Issued last June, Zoning Plan No. 106 for the Jobar neighbourhood of Damascus does not allocate any plot to rebuild the Al-Mualameen Tower, which regime forces destroyed in 2015. Record No. 53 in the Land Registry, on which the tower is listed, does not receive any mention in Zoning Plan No. 106.
The 12-storey Al-Mualameen Tower was located on the outskirts of Jobar and overlooked the nearby Al-Abasiyeen Garages, the commercial district, and Al-Abasiyeen Square. The Housing Cooperative Society owns the tower for Teachers and Educators in Damascus, hence the building’s name (“mualameen” means “teachers” in Arabic). The government granted the cooperative a permit on June 17, 1974, and it began constructing the tower in the 1980s, on a plot of land corresponding to the real estate record No. 53. In 2004, the cooperative finally handed the apartments over to applicants per the housing cooperative system. The tower was located in a zoned real estate area and was divided into individual apartments listed within the Land Registry under the names of the apartment owners.
Cooperative housing is linked to social housing programs implemented by Syria’s public authorities. Housing cooperative societies were all previously affiliated with the General Union of Cooperative Housing, which dissolved under Decree No. 37 of 2019, 58 years after it was established. The Ministry of Public Works and Housing took on the union’s roles.
The apartment owners in Al-Mualameen Tower are state employees working in education. For them, subscribing to apartments in the building was the most significant investment in their professional lives, serving as a reward for the end of their service and an asset to pass down to their children, one owner told The Syria Report.
The biggest problem with Al-Mualameen Tower and other housing cooperative projects in general was the more than two-decade delay in receiving the apartments. Applicants for Al-Mualameen didn’t receive their apartments until 2004 after most had already retired and finished paying off their payments for the housing. Worse, the newfound apartment owners immediately had to repair and restore the homes due to poor construction.
The tower’s height and location made it a strategic military point, contested between regime and opposition forces. Rebels seized the building and occupied it between 2013 and 2015. During this time, the regime tried and failed to recapture it despite bombing the tower with airstrikes, artillery shells and rockets. Then, in February 2015, regime forces dug a tunnel under the tower at 16 metres deep and 250 metres long, set up explosives inside, then detonated them, turning the building into a pile of rubble.
In late June 2022, the Damascus governorate issued Detailed Zoning Plan No. 106 for Jobar and fielded objections from relevant rightsholders. The detailed zoning plan did not observe any new plot of land for rights holders in the teachers’ cooperative, which implies classifying the destroyed tower as an unlicensed building within an informal settlement. The Syria Report could not confirm whether any of the rights holders in Al-Mualameen Tower filed any objections to Detailed Zoning Plan No. 106 within the one-month deadline to do so.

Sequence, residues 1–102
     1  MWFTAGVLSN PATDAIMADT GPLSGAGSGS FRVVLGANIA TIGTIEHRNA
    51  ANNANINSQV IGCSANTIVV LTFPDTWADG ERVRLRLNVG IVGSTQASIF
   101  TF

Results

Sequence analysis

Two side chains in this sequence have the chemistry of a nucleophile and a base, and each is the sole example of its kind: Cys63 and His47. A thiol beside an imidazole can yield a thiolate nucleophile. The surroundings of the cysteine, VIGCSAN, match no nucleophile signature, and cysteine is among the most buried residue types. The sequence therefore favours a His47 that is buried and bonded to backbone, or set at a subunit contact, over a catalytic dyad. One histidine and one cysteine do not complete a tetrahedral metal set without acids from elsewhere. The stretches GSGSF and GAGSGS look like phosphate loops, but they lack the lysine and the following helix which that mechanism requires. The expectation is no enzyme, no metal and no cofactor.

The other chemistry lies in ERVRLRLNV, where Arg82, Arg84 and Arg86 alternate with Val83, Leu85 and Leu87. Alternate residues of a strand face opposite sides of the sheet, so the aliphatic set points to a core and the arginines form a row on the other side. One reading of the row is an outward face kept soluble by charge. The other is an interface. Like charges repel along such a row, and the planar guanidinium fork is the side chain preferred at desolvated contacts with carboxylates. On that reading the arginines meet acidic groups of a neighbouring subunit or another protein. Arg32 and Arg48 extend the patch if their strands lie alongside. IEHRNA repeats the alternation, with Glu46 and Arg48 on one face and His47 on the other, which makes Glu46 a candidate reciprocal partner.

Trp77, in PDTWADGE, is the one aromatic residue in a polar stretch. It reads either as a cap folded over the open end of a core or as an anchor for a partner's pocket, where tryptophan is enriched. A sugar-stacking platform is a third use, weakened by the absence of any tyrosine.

The zoning area in Jobar is subject to Planning and Urban Development Law No. 23 of 2015, which gave administrative authorities the choice to employ Law No. 23, the Expropriation Law, or the Real Estate Development and Investment Law when re-zoning areas containing informal housing or rehabilitating areas damaged by natural catastrophes and war.
Law No. 23 stipulates that, as part of the zoning process, an administrative unit forms a compulsory land readjustment committee tasked with giving rights holders their shares of property in the same location as their original properties or nearby. As part of this readjustment process, rights holders within the area undergoing zoning receive plots of land designated for construction within that same area as compensation for losing their original properties. However, the land distributed to the rights holders is often not in the original locations of their properties. Furthermore, up to 40 percent of the surface area of their original properties may be deducted, without compensation, when handing over the new lands.
If rights holders file objections, prove their ownership and obtain new land through compulsory land readjustment, they must then assemble themselves and their allocated plots of land. Rights holders must then build on these properties at their own expense. If a rights holder dies, the inheritance process is carried out in the presence of all their heirs, or at least their legal representatives. Both cases require prior security approval, adding potential complications to proving the existing rights of former Al-Mualameen Tower residents.